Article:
On the Backs of Tortoises Darwin, the Galápagos, and the Fate of an Evolutionary Eden Elizabeth Hennessy

Format:
Hardback
Publication date:
26 Nov 2019
ISBN:
9780300232745
Imprint:
Yale University Press
Dimensions:
336 pages: 235 x 156mm
Illustrations:
20 b-w illus.

Categories:

An insightful exploration of the iconic Galápagos tortoises, and how their fate is inextricably linked to our own in a rapidly changing world

In a world plagued by environmental crises, the Galápagos archipelago is often viewed as a last foothold of pristine nature. This book tells the story of how the islands’ namesakes—the giant tortoises—became iconic as living remnants of prehistoric nature. Yet the tortoises are not prehistoric. Their stories show that human and nonhuman life are deeply entangled.

This insightful exploration of the cultural and natural history of the tortoises uses these animals to demonstrate the archipelago’s inseparability from the flows of global history. As microcosms of ongoing co-evolution shaped by human action, these species bring into sharp relief the paradoxical, and impossible, goal of conserving species by trying to restore a past state of prehistoric evolution. The book illustrates how attempts to restore the Galápagos as an evolutionary Eden are insufficient in a world where evolution is thoroughly shaped by human history.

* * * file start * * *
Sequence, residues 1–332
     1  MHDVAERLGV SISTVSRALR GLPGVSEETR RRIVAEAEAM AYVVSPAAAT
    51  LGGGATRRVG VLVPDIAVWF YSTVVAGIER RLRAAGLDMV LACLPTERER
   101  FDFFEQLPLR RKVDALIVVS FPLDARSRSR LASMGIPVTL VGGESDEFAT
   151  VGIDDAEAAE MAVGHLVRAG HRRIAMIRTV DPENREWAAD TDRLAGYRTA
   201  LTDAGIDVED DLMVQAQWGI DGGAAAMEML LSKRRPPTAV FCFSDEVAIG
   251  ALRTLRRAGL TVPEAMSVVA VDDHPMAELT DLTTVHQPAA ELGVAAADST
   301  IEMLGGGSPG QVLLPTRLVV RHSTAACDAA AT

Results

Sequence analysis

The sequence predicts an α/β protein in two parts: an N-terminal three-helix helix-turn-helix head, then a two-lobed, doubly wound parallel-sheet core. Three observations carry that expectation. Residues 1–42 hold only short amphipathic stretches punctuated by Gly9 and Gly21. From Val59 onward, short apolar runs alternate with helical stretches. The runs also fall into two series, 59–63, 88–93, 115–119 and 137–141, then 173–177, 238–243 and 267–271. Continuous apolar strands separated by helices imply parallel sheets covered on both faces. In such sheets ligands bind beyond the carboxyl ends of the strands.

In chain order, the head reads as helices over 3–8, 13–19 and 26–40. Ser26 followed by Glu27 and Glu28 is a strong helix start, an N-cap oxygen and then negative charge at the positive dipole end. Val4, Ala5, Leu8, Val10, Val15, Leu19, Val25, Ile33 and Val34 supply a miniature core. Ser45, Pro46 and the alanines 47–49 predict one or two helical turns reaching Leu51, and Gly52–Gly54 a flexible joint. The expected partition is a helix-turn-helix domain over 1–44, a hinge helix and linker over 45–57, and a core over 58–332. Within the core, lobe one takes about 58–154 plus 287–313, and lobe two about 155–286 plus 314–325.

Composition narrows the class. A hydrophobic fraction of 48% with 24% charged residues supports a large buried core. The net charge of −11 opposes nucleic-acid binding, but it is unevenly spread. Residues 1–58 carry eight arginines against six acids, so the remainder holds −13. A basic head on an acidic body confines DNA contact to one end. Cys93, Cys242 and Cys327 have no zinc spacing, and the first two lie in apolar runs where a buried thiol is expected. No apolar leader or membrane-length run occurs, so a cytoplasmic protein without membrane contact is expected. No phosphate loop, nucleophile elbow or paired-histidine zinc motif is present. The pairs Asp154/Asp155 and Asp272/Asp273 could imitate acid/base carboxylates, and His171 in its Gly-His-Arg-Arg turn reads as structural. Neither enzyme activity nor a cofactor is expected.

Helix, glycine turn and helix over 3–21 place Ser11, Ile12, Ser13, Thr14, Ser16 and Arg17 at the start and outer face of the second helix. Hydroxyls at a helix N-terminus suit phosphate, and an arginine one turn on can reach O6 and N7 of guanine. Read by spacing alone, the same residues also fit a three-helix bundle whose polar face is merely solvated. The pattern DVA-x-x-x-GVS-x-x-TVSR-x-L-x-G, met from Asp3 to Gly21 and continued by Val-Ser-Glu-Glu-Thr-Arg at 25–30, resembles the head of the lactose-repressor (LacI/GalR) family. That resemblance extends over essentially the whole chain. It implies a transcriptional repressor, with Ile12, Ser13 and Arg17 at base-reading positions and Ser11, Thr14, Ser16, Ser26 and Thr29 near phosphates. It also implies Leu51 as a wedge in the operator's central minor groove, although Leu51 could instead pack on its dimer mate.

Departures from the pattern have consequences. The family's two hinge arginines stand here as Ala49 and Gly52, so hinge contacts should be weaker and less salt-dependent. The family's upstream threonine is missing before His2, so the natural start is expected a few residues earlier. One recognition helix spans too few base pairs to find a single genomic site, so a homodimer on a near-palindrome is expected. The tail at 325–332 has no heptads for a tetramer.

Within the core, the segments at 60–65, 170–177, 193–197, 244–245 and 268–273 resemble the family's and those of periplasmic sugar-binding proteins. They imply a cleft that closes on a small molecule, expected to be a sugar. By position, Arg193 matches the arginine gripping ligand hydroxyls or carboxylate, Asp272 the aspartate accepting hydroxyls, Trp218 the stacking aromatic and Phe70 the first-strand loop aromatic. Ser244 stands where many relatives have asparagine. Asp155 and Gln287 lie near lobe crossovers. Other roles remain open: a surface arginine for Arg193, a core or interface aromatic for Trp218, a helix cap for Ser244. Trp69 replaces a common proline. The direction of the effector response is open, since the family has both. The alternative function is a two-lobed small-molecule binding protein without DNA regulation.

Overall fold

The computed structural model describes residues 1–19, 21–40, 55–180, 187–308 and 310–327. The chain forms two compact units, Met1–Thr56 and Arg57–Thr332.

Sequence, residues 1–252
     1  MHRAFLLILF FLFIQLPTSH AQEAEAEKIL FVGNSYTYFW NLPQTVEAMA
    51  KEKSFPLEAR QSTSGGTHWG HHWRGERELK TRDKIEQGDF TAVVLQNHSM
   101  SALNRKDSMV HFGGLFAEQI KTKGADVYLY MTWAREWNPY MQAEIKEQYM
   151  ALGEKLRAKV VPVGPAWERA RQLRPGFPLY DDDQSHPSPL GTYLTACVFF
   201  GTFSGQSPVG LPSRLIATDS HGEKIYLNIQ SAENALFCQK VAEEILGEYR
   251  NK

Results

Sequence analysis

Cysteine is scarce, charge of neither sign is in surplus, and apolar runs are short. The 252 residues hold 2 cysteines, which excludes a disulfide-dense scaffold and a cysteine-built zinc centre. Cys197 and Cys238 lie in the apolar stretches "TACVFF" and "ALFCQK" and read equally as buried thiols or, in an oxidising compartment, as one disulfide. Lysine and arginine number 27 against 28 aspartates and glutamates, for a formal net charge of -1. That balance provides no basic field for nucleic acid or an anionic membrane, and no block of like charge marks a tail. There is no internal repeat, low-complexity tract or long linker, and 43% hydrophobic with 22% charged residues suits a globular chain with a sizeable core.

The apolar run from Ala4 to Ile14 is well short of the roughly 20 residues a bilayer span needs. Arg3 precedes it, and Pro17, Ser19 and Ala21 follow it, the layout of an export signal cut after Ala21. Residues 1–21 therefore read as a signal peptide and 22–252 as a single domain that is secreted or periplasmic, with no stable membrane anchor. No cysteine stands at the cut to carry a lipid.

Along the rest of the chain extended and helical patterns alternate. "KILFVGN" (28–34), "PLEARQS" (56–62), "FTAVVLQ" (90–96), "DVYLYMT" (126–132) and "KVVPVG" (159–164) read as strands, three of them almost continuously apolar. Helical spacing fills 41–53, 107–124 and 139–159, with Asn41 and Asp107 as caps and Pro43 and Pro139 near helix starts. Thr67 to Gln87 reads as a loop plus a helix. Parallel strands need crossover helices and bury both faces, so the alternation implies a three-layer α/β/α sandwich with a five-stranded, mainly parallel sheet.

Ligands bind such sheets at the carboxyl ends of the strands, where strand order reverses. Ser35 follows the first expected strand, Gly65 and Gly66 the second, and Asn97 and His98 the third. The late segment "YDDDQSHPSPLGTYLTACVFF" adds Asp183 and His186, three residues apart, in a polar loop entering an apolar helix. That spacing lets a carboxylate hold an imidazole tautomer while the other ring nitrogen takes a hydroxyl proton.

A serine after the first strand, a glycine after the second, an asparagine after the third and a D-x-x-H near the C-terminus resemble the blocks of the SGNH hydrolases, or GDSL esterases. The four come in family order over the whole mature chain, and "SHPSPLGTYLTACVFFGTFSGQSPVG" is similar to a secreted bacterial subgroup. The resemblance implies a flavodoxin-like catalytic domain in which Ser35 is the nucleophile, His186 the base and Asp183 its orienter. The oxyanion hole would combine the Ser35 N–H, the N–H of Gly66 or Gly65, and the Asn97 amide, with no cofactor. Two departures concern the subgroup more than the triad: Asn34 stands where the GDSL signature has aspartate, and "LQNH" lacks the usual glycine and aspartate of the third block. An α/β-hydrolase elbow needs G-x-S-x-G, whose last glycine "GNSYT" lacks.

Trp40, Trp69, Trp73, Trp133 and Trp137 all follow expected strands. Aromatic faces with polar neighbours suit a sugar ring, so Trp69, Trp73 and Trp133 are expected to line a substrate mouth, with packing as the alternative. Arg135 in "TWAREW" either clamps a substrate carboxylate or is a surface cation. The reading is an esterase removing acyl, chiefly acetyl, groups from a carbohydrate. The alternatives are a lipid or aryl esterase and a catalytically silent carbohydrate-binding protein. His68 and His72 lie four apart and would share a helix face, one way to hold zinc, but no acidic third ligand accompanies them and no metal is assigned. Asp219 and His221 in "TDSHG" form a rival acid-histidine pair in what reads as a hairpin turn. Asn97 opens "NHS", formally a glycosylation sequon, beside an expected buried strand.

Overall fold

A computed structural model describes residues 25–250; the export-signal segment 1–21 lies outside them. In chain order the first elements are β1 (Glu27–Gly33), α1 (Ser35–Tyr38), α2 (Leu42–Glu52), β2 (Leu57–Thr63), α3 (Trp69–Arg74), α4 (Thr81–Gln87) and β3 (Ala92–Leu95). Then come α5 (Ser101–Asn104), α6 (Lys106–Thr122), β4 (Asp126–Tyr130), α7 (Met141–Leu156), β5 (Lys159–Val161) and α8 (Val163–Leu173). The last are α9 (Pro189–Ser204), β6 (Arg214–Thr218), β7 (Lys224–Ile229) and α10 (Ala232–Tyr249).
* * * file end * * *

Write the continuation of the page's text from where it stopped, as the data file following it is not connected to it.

Elizabeth Hennessy is a geographer and assistant professor of history and environmental studies at the University of Wisconsin–Madison, where she is on the steering committee of the Center for Culture, History, and Environment.

“Wonderfully interesting, informative, and engaging, as well as scholarly.”—Janet Browne, author of Charles Darwin: Voyaging and Charles Darwin: The Power of Place


“Timely, fresh, and compelling. . .a must-read for anyone interested in the environmental history of the Galapagos and tortoise conservation.”—Jamie Lorimer, University of Oxford, author of Wildlife in the Anthropocene: Conservation after Nature


"Hennessy’s book isn’t just about the controversial efforts to preserve the world’s most famous tortoises—it also provides an expansive tour de force of Darwinian ideas, the Galapagos, human entanglements in evolution, and the risks of icon-making."—Daniel Lewis, author of Belonging on an Island: Birds, Extinction, and Evolution in Hawai‘i


"Hennessy’s enthralling history of the iconic Galápagos Islands focuses on the tortoises after which they are named to deftly unpack the contradictions of global conservation in the name of science."—Claudia Leal, author of Landscapes of Freedom: Building a Postemancipation Society in the Rainforests of Western Colombia


“Hennessey finds that even though this archipelago is 97% a national park, humans can no longer consider themselves distinct from nature, but rather are an inseparable part of it with consequences for the identity of each.”—Deborah Cramer, author of The Narrow Edge: A Tiny Bird, an Ancient Crab, and an Epic Journey